As the cleanup begins, it is worth considering the links between strong storms and climate change. First, let's acknowledge that there have always been megastorms, in the northeast and elsewhere. Andy Revkin has written in his indispensible DotEarth blog that severe hurricanes have been a regular feature of the northeast in the short - e.g. 100-years - and long - e.g. 5000 years - time-frames. Such events occur with a certain frequency in periods of cooler and warmer climate, and so their existence in-and-of-themselves is not evidence of a new climate.
However, you are correct if you've been thinking that exceptional weather has become, well...the norm. This year we've had the mega-drought in the midwest, west, and southwestern United States, massive wildfires in Colorado and elsewhere, a destructive "derecho" storm that hammered states from Illinois to Virginia, and now Hurricane Sandy. Of course, these come on the heels of Hurricane Irene and Tropical Storm Lee, which devastated nearby Scoharie County and other areas in upstate New York and Vermont.
Climate scientists, for years, have been prefacing every statement about extreme weather and climate change by saying "no individual storm can be tied to climate change." But that is changing. A host of new published studies and individual statements have made the link clearer.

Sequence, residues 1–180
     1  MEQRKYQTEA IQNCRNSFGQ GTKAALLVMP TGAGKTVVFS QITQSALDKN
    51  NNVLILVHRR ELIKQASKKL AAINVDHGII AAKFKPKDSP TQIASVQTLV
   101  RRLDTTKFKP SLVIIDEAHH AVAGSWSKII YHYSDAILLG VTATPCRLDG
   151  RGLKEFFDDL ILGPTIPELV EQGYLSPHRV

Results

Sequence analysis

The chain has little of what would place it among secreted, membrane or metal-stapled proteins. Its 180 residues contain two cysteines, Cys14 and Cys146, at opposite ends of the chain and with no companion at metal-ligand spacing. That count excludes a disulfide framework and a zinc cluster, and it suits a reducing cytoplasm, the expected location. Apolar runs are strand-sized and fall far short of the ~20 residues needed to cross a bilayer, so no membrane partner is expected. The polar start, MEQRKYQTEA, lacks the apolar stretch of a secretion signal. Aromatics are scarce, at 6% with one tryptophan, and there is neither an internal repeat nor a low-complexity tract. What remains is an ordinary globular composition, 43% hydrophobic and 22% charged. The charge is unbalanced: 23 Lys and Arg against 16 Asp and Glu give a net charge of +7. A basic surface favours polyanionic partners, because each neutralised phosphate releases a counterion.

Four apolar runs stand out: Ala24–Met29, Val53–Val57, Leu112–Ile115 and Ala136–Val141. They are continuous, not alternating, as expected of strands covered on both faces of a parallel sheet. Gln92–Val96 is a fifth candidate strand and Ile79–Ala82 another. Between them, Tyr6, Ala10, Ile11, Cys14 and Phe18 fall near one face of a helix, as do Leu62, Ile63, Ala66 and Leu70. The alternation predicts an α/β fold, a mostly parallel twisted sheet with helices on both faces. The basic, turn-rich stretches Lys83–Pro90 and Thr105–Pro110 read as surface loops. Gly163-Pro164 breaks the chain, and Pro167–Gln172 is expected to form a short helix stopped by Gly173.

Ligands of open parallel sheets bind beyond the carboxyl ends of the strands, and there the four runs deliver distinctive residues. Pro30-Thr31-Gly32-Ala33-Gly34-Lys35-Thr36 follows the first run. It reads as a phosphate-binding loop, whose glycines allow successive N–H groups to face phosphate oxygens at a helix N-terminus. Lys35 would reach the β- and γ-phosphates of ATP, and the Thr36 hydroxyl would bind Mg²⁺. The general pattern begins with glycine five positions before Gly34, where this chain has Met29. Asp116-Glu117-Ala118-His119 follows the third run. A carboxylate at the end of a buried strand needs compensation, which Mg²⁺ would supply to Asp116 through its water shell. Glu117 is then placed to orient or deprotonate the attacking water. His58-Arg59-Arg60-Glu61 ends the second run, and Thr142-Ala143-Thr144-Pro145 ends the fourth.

- A study published in 2012 in Nature Climate Change reported that climate change and sea level rise will shift storm surges at New York City that used to be associated with 100-year storms to every 3-20 years; 500-year surges will occur every 5-240 years.
- An October 2012 paper in the Proceedings of the National Academy of Sciences linked the worsening storm surge associated with tropical cyclones in warmer years.
- James Hanson of NASA's Goddard Space Institute, whose crystal ball with regards to climate change has been unmatched over the years, wrote in May 2012 that the "global warming signal is louder than the noise in of random weather"
- Top climatologists including Kevin Trenberth, Michael Mann, and Gavin Schmidt have explicitly linked extreme weather and climate change.
Newspapers and TV, like the candidates, are ignoring the obvious - and well-documented - connections between extreme weather and climate.
That makes it all the more remarkable that our own Gov. Andrew Cuomo made this crystal clear statement:
"There has been a series of extreme weather incidents. That is not a political statement, that is a factual statement ... Anyone who says there's not a dramatic change in weather patterns, I think is denying reality. "And, not incidentally, denying the evidence.